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The Gateway to Astronaut Photography of Earth
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Astronaut Photography of Earth - Display Record
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IdentificationMission: ISS026 Roll: E Frame: 17074 Mission ID on the Film or image: ISS026
Country or Geographic Name: CHAD
Features: EMI KOUSSI VOLCANO, CINDER CONES, LAVA FLOWS
Center Point: Latitude: 20.0 Longitude: 18.5 (Negative numbers indicate south for latitude and west for longitude)
Stereo: (Yes indicates there is an adjacent picture of the same area)
ONC Map ID: JNC Map ID:
CameraCamera Tilt: 30
Camera Focal Length: 70mm
Camera: N2: Nikon D2Xs
Film: 4288E : 4288 x 2848 pixel CMOS sensor, RGBG imager color filter.
Percentage of Cloud Cover: 10 (0-10)
GMT Date: 20110111 (YYYYMMDD) GMT Time: 085418 (HHMMSS)
Nadir Point Latitude: 19.4, Longitude: 16.8 (Negative numbers indicate south for latitude and west for longitude)
Nadir to Photo Center Direction: East
Sun Azimuth: 142 (Clockwise angle in degrees from north to the sun measured at the nadir point)
Spacecraft Altitude: 189 nautical miles (350 km)
Sun Elevation Angle: 39 (Angle in degrees between the horizon and the sun, measured at the nadir point)
Orbit Number: 1622
CaptionsEmi Koussi Volcano, Chad
Note: This caption refers to the image versions labeled "NASA's Earth Observatory web site".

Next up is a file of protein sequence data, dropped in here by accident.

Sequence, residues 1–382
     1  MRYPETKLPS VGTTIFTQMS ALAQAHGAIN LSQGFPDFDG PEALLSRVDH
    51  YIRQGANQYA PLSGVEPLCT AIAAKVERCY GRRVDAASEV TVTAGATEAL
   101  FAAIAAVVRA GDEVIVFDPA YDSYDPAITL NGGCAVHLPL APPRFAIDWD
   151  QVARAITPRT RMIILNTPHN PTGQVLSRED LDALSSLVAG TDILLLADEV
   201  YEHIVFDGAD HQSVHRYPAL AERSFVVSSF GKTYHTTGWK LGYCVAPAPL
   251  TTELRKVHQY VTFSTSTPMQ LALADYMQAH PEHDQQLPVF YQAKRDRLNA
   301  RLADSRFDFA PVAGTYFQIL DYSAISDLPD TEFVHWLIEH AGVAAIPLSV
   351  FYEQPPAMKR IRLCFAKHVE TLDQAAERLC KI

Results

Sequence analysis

The broad Emi Koussi volcano is a shield volcano located in northern Chad, at the southeastern end of the Tibesti Range. The dark volcanic rocks of the volcano provide a sharp contrast to the underlying tan and light brown sandstone exposed to the west, south, and east (image lower left, lower right, and upper right).
Emi Koussi was formed from relatively low viscosity lavas—flowing more like motor oil than toothpaste—and explosively-erupted ignimbrites that produce a characteristic low and broad structure covering a wide area (approximately 60 by 80 kilometers).
This astronaut photograph highlights the entire volcanic structure. At 3,415 meters above sea level, Emi Koussi is the highest summit of Africa's Sahara region. The summit includes three calderas formed by powerful eruptions. Two older and overlapping calderas form a depression approximately 12 kilometers by 15 kilometers in area bounded by a distinct rim (image center). The youngest and smallest caldera, Era Kohor, formed as a result of eruptive activity within the past 2 million years.
Young volcanic features, including lava flows and scoria cones are also thought to be less than 2 million years old. There are no historical records of eruptions at Emi Koussi, but there is an active thermal area on the southern flank of the volcano.
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Recommended Citation: Earth Science and Remote Sensing Unit, NASA-Johnson Space Center. "The Gateway to Astronaut Photography of Earth." .